The sequelae of PID are a major cause of reproductive morbidity in women of childbearing age, resulting in chronic pelvic pain, ectopic pregnancy and infertility. Despite the high rates of clinical response to antibiotic treatment, approximately 18% of women will report infertility, 0.6–2.0% will have an ectopic pregnancy and 30% will have chronic pelvic pain at three years after treatment.7 The risk of infertility increases in correlation with the degree of fallopian tube damage seen at laparoscopy, and may be as high as 30% in women with severe tubal damage. Recurrent infections are associated with a marked increase in the risk of infertility.8 In women with a history of PID, discussion of the long-term sequelae and the implications for fertility is an essential component of treatment and post-treatment counselling. Similarly, the risk of ectopic pregnancy and need for early pregnancy monitoring to site the pregnancy are important components of treatment counselling.

Tubal infertility


Approximately 15% of couples will experience infertility.9 Tubal factors account for 25–35% of cases of female infertility, with PID being the causative factor in more than half. The risk of tubal infertility increases with recurrent PID and, after three episodes, more than 50% of women will have tubal dysfunction.10 Therefore, questioning regarding previous pelvic infections should form part of the initial interview in couples seeking preconception planning or trying to conceive. Guidelines for infertility assessment recommend evaluation of the infertile couple after 12 months of unprotected intercourse or 6 months where the female partner is aged >35 years.11 Just as this recognises the significant contribution of female age to female infertility, the history of previous PID would also warrant earlier assessment.


PID may result in proximal and/or distal disease of the fallopian tube. The presence of a hydrosalpinx, the degree of peritubular adhesions, the preservation of fimbriae and appearance of the endosalpinx are considered in the assessment of disease severity.12 There are multiple modalities for assessment of tubal patency.

Baseline pelvic ultrasound, a routine component of the fertility evaluation, may detect hydrosalpinges in women with severe tubal disease. A hysterosalpingogram may be performed with water- or oil-based radio-opaque contrast media and fluoroscopy to delineate the uterine cavity and the fill and spill of the fallopian tubes. This modality has a sensitivity and specificity of 65% and 83%, respectively. Sonohysterography uses ultrasound and water-based contrast with a sensitivity and specificity of 76% and 67%, respectively, for tubal patency.13 The gold standard for tubal assessment is chromotubation at laparoscopy. Chromotubation allows for the assessment of the pelvis in full, including coexisting pathology, evaluation of the tubal anatomy and relationship to the ovaries, and the detection of peritubal adhesions. Arguably, when the degree of suspicion for tubal disease is high, laparoscopy is the preferred method for assessing tubal function.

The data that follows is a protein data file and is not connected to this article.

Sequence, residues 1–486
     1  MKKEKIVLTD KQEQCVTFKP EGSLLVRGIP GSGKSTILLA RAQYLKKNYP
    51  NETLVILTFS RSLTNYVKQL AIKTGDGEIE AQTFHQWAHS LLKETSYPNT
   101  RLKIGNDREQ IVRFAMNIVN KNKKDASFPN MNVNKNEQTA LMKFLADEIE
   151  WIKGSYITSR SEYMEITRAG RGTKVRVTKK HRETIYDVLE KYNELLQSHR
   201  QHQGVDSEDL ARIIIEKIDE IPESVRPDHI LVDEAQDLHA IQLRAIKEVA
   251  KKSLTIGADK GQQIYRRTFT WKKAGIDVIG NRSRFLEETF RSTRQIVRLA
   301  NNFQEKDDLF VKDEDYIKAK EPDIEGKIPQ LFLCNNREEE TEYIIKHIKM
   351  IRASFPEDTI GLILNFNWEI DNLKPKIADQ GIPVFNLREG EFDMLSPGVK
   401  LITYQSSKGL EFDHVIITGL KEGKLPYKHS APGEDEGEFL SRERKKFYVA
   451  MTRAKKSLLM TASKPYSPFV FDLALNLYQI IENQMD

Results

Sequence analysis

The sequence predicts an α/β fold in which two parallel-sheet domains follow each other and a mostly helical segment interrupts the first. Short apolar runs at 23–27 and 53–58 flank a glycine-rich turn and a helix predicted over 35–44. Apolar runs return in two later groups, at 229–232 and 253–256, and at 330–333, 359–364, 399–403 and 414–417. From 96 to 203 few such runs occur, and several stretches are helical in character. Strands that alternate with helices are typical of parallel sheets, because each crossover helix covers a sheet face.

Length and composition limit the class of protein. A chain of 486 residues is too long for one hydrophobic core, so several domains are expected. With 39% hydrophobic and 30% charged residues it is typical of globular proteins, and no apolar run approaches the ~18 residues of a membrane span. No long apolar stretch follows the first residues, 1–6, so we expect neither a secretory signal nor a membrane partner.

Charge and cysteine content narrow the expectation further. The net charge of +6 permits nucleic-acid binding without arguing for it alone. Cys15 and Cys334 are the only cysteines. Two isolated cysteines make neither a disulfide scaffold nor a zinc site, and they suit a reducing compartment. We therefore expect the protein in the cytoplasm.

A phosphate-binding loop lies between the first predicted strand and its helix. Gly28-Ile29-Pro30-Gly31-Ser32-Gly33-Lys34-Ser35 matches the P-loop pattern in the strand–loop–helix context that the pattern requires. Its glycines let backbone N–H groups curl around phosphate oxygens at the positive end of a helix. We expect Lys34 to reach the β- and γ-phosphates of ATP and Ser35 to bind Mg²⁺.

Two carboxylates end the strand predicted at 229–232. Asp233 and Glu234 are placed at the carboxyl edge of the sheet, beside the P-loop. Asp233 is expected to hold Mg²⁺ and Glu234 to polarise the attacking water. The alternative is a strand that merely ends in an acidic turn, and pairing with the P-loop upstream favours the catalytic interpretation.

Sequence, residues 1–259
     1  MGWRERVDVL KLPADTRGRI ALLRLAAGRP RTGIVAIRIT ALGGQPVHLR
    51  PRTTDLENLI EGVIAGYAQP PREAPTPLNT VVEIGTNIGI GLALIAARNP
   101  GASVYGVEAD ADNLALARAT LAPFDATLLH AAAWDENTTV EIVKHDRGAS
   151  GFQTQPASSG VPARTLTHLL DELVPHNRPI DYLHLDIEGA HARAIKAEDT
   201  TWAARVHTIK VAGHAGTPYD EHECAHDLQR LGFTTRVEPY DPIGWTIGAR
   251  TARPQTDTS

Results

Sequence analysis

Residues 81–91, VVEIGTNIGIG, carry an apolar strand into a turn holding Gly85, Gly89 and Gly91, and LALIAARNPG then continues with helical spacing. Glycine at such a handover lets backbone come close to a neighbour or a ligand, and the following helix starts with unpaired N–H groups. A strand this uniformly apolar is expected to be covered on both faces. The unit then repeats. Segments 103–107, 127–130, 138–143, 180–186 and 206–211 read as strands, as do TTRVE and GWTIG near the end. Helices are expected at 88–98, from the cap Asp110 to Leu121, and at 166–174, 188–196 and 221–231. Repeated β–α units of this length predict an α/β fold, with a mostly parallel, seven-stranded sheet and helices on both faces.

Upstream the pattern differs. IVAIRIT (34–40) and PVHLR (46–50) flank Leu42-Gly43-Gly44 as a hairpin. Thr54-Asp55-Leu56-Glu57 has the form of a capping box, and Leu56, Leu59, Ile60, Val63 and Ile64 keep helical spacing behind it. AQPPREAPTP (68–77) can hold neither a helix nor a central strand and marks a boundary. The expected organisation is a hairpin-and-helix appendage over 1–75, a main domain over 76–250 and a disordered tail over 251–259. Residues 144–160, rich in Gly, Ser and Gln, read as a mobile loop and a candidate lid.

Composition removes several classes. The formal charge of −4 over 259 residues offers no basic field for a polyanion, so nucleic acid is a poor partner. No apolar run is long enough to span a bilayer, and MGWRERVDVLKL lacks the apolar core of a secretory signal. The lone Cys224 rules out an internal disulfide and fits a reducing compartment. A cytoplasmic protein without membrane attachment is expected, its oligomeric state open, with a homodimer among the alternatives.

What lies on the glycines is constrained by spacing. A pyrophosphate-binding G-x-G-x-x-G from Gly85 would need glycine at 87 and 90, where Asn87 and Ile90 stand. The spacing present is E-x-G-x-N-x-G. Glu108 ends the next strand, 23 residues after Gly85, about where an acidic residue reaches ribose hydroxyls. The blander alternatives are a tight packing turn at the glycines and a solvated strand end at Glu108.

Management of tubal infertility

The ideal management for couples with tubal infertility is an individualised one, based on female age, ovarian reserve parameters, coexisting pelvic pathology and semen parameters, in addition to socioeconomic factors and patient preferences.

Treatments are site specific for proximal or distal disease. Transcervical tubal cannulation is rarely performed in Australia and, although resolution of tubal blockage is reported in 85% of cases, rates of re-occlusion are high (30%).14 Microsurgical tubocornual anastomosis excises the occluded proximal tubal portion, re-anastomosing the patent interstitial and distal tubal ends. Results from cohort and observational studies with small case numbers suggest ongoing pregnancies in approximately 48% of women after the procedure.14

Distal tubal disease is present in the greater proportion of women with tubal infertility. Salpingostomy and fimbrioplasty are potential surgical therapies to increase tubal function. Salpingostomy, incision of the diseased distal tube, is associated with subsequent pregnancy rates of approximately 30%, one-quarter of which will be ectopically sited.12 Fimbrioplasty, attempts to restore fimbrial function and oocyte capture by lysing adhesions around the fimbria and everting the fimbrial edges with macroscopic, microscopic or laparoscopic sutures.12 Although surgery for distal tubal disease offers a reasonable prospect for re-establishing tubal patency, it cannot reverse the ciliary damage of the tubal epithelium and architecture that results from the causative disease process.14

In vitro fertilisation (IVF) eliminates the role of the fallopian tube in successful conception and overcomes this obstacle in couples with tubal factor infertility. Controlled ovarian hyperstimulation with gonadotropins is followed by transvaginal oocyte collection and insemination in the IVF laboratory with partner or donor spermatozoa. Embryos are transferred to the uterus via a transcervical catheter. In all comers, the chance of successful conception with IVF treatment is approximately 30%; however, the most important determinant of IVF success, all factors otherwise being equal, is female age.15

No randomised trials to date have addressed the role of surgery compared with IVF for tubal factor infertility. In young women with normal ovarian reserve markers and mild tubal disease who prefer a primary surgical approach, primary surgery may be a reasonable approach with recourse to IVF treatment if this is unsuccessful in achieving pregnancy.12 In the presence of hydrosalpinges, tubal occlusion or salpingectomy is recommended prior to embryo transfer due to the deleterious effect on implantation and pregnancy rates.16


Tubal infertility is a not uncommon sequela of PID. The approach to management is individualised, based on patient factors, disease severity and patient preferences. Given the high incidence of long-term complications, public health initiatives to prevent sexually transmissible infections, as well early detection, diagnosis and treatment, are targets to reduce disease morbidity.

Competing interests: BV is a member of the Fertility Society of Australia and New Zealand.
Provenance and peer review: Commissioned, externally peer reviewed.
Funding: None.
Correspondence to: